Maximum 
Mean 
Std.
Deviation 
N 
Predicted Value 
115.5267 
119.8389 
117.2300 
1.11739 
100 
Residual 
71.68278 
60.39526 
.00000 
32.03882 
100 
Std. Predicted Value 
1.524 
2.335 
.000 
1.000 
100 
Std. Residual 
2.226 
1.876 
.000 
.995 
100 
a. Dependent Variable: Self Efficacy 
The
residual plots are randomly dispersed along the X axis, and thus indicating
that regression analysis is a good model fit for analyzing the data.
Multiple Regression Analyses
Regression
[DataSet1] C:\Users\Roy
Riachi\Desktop\Research\University of Liverpool\03  Data Analysis For
Psychology\Week 8\Trial 1 .sav
Variables
Entered/Removed^{a} 

Model 
Variables
Entered 
Variables
Removed 
Method 
1 
Tutor Attitudes, Male Dominated Field, Usefulness, Confidence^{b} 
. 
Enter 
a. Dependent Variable: Self Efficacy 

b. All requested variables entered. 
Model Summary^{b} 

Model 
R 
R Square 
Adjusted
R Square 
Std.
Error of the Estimate 
1 
.567^{a} 
.322 
.293 
26.94722 
a. Predictors: (Constant), Tutor Attitudes, Male Dominated
Field, Usefulness, Confidence 

b. Dependent Variable: Self Efficacy 
A
multiple linear regression was conducted to measure the effect of confidence,
usefulness, male dominance, teacher attitude and perception on selfefficacy.
R^{ }=
0.567 indicates strong predictive quality of math grades on selfefficacy
R^{2} =
0.322 confidence, usefulness, male dominance, teacher attitude and perception
explains 32.2% of the variability of selfefficacy. The low value of R^{2}
does not indicate a goodness of fit for the model.
ANOVA^{a} 

Model 
Sum of
Squares 
df 
Mean
Square 
F 
Sig. 

1 
Regression 
32761.211 
4 
8190.303 
11.279 
.000^{b} 
Residual 
68984.499 
95 
726.153 



Total 
101745.710 
99 




a. Dependent Variable: Self Efficacy 

b. Predictors: (Constant), Tutor Attitudes, Male Dominated
Field, Usefulness, Confidence 
F (95) = 11.279; P = 0.000 < P =
0.05
The results are statistically
significant.
Coefficients^{a} 

Model 
Unstandardized
Coefficients 
Standardized
Coefficients 
t 
Sig. 
Collinearity
Statistics 

B 
Std.
Error 
Beta 
Tolerance 
VIF 

1 
(Constant) 
219.800 
40.157 

5.474 
.000 


Confidence 
1.132 
.469 
.346 
2.411 
.018 
.347 
2.882 

Usefulness 
.448 
.368 
.142 
1.217 
.227 
.525 
1.906 

Male Dominated Field 
.300 
.482 
.056 
.622 
.536 
.869 
1.150 

Tutor Attitudes 
.631 
.610 
.124 
1.035 
.304 
.494 
2.022 

a. Dependent Variable: Self Efficacy 
Confidence
B = 1.132 this
indicates that for every increase of one point in confidence score,
selfefficacy decreases by 1.132 points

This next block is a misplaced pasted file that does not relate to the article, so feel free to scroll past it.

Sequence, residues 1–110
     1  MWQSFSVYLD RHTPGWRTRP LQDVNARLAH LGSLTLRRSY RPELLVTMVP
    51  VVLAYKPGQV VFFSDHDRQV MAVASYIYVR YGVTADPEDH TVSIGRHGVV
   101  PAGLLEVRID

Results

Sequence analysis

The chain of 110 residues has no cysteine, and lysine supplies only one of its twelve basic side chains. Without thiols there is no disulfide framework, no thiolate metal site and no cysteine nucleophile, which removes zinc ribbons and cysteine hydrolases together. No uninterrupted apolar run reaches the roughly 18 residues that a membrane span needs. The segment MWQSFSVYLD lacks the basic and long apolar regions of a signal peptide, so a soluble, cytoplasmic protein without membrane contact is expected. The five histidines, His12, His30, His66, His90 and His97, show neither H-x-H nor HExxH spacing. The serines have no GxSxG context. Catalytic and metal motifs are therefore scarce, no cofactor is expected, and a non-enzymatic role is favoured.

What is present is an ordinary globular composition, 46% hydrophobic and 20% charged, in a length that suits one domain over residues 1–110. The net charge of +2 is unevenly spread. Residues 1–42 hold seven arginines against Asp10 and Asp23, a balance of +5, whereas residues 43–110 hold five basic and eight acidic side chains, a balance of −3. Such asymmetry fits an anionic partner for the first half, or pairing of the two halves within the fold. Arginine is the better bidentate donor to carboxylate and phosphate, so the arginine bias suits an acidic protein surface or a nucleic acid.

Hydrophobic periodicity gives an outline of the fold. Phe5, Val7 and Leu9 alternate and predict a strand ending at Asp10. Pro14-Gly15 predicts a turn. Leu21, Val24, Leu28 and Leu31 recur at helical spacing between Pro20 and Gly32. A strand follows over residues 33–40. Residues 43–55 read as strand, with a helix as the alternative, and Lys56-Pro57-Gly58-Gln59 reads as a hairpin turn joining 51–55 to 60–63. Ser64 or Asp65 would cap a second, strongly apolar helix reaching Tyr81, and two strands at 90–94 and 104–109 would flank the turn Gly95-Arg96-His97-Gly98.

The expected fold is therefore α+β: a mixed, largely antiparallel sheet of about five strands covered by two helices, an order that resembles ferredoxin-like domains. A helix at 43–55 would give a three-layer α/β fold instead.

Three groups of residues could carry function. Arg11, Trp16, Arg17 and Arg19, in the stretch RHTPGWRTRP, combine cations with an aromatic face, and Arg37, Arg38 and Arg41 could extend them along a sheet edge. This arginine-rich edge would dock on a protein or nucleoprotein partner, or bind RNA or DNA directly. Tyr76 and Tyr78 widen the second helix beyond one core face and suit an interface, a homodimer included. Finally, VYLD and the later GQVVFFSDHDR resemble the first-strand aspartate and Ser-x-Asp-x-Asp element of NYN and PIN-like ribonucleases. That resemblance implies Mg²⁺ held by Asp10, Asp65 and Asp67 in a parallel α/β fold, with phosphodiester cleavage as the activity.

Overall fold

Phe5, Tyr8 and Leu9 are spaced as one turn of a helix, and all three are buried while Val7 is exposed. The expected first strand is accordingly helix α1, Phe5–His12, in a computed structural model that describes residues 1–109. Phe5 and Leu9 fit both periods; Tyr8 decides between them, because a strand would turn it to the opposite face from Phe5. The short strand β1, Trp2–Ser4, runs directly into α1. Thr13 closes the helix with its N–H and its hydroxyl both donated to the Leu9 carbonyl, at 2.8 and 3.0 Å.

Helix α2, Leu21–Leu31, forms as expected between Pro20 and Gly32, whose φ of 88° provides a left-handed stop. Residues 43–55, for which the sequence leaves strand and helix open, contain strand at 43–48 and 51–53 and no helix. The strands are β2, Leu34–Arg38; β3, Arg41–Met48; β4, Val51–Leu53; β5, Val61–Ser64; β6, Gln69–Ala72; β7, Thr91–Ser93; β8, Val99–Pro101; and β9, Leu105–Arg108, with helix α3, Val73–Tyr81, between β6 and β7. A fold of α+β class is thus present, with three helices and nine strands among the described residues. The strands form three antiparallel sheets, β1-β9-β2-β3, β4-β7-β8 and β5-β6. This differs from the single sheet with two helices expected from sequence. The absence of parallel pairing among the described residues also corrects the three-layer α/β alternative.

β = .346
t (98) = 2.411 ;
P = .018 < P=0.05
There
is a difference in mean scores, and the results are statistically significant,
and thus the alternative hypothesis can be accepted.
Usefulness
B = .448 this
indicates that for every increase of one point in usefulness score,
selfefficacy decreases by .448 points
β = .142
t (98) = 1.217 ;
P = .227 > P=0.05
There
is some difference in mean scores, however the results are not statistically
significant, and thus the null hypothesis cannot be rejected.
Male
Dominated Field
B = .300 this
indicates that for every increase of one point in male dominated field,
selfefficacy decreases by 0.3 points
β = .056
t (98) = .662 ; P
= .536 > P=0.05
There
is minor difference in mean scores, however the results are not statistically
significant, and thus the null hypothesis cannot be rejected.
Tutor
Attitudes
B = .631 this
indicates that for every increase of one point in tutor attitude, selfefficacy
decreases by .631 points
β = .124
t (98) = 1.035 ;
P = .304 > P=0.05
There is some difference in mean scores, however the results are not statistically significant, and thus the null hypothesis cannot be rejected.
Collinearity Diagnostics^{a} 

Model 
Dimension 
Eigenvalue 
Condition
Index 
Variance
Proportions 

(Constant) 
Confidence 
Usefulness 
Male
Dominated Field 
Tutor
Attitudes 

1 
1 
4.835 
1.000 
.00 
.00 
.00 
.00 
.00 
2 
.086 
7.518 
.01 
.05 
.34 
.10 
.00 

3 
.048 
10.088 
.01 
.03 
.05 
.80 
.01 

4 
.030 
12.637 
.01 
.58 
.61 
.06 
.00 

5 
.002 
50.133 
.97 
.33 
.00 
.04 
.99 

a. Dependent Variable: Self Efficacy 
Collinearity
is measure to account for the variance in the predictor variable that might
affect the significance of the findings
Residuals Statistics^{a} 


Minimum 
Maximum 
Mean 
Std.
Deviation 
N 
Predicted Value 
66.6626 
147.4701 
117.2300 
18.19124 
100 
Residual 
75.09506 
58.58260 
.00000 
26.39722 
100 
Std. Predicted Value 
2.780 
1.662 
.000 
1.000 
100 
Std. Residual 
2.787 
2.174 
.000 
.980 
100 
a. Dependent Variable: Self Efficacy 
Charts
The regression
standardized residual is normally distributed in terms of frequency.
The residual plots
are randomly dispersed along the X axis, and thus indicating that regression
analysis is a good model fit for analyzing the data.
Discussion
After performing simple
regression analysis for the categorical predictor variables, which are age,
math scores, and science scores; we also performed a multiple regression